Celia Lewis

Celia Lewis takes inspiration from her surroundings – whether it’s the tranquil beauty of the Surrey Hills,  or her garden where she keeps chickens, turkeys and the occasional Gloucester Old Spot pig. She creates work infused with the colour and vitality of the natural world. Abstract motifs are juxtaposed by  figurative characters, her expressive depictions of birds, insects, farm animals and flora are enriched by the interplay of pattern and design, the real and the fictive.
Celia is an accomplished printmaker specialising in linocuts. She enjoys the physical carving of her designs and the anticipation of success or disaster when the first print comes off the press. She has developed a unique technique of combining other mediums with linocuts to produce these stunning recent works which  capture the animation and character of the animals depicted against her vivid printed backgrounds.
In 2019 three of her Orchid Series linocuts were hung at Plantae, the Society of Botanical Artists’ exhibition at the Mall Galleries. A recent painting was auctioned in aid of Marie Curie at a Private View of the Summer Exhibition at the RA.  She has recently held a sell-out exhibition at the Watts Gallery, Compton. Celia studied with Signorina Simi at what is now the Charles Cecil Studio in Florence. She has taken part in national exhibitions and has won several prizes including the 2005 Royal Institute of Painters in Watercolour (RI) medal and the Winsor & Newton Prize at the RWS Open Exhibition 2010. In 2016 she achieved a Diploma from the Chelsea School of Botanical Art.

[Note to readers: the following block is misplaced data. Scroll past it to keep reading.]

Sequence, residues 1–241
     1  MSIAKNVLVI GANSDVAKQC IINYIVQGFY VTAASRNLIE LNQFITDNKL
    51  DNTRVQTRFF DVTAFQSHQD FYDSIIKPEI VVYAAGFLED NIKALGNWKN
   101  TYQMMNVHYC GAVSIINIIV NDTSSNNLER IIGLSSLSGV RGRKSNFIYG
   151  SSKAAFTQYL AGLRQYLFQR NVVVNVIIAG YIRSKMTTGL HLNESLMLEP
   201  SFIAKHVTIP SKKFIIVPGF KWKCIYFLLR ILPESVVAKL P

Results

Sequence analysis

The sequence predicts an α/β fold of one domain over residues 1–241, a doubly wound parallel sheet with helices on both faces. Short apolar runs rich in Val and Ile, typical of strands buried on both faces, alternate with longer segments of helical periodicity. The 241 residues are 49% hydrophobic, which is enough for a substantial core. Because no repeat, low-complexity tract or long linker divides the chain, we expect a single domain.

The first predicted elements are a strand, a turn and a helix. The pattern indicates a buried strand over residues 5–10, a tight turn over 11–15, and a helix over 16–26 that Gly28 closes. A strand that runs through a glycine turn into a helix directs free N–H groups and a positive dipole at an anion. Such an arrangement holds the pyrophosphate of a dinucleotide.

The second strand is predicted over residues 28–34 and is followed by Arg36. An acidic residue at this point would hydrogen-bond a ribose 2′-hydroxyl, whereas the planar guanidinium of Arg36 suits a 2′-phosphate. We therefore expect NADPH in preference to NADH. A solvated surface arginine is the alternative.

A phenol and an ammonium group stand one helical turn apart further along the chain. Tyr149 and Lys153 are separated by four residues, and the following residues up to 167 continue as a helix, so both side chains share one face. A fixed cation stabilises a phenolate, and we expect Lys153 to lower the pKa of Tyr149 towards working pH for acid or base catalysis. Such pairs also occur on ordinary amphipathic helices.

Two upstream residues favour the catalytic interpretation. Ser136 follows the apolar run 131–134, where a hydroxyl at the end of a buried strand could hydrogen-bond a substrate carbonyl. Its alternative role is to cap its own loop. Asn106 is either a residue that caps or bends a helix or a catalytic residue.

She has published several books including The Illustrated Guide to Chickens, 2010 with a foreword by HRH The Prince of Wales and she has since written three other Illustrated Guides which all include rare and endangered breeds. She feels
strongly that they should not be lost to future generations.

 

 

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Celia Lewis

Celia creates work infused with the colour and vitality of the natural world. Abstract motifs are juxtaposed with figurative characters, her expressive depictions of birds, insects, farm animals and flora are enriched by the interplay of pattern and design, the real and the fictive. She is one of the country’s  foremost exponents of linocuts a modern British tradition going back to the likes of Cyril Powers and Edward Bawden.  These new works combine linocuts with original watercolours to wonderful effect.  Celia captures the characters of these animals, personally known to her, placing them against her linocut backgrounds to lustrous  effect.
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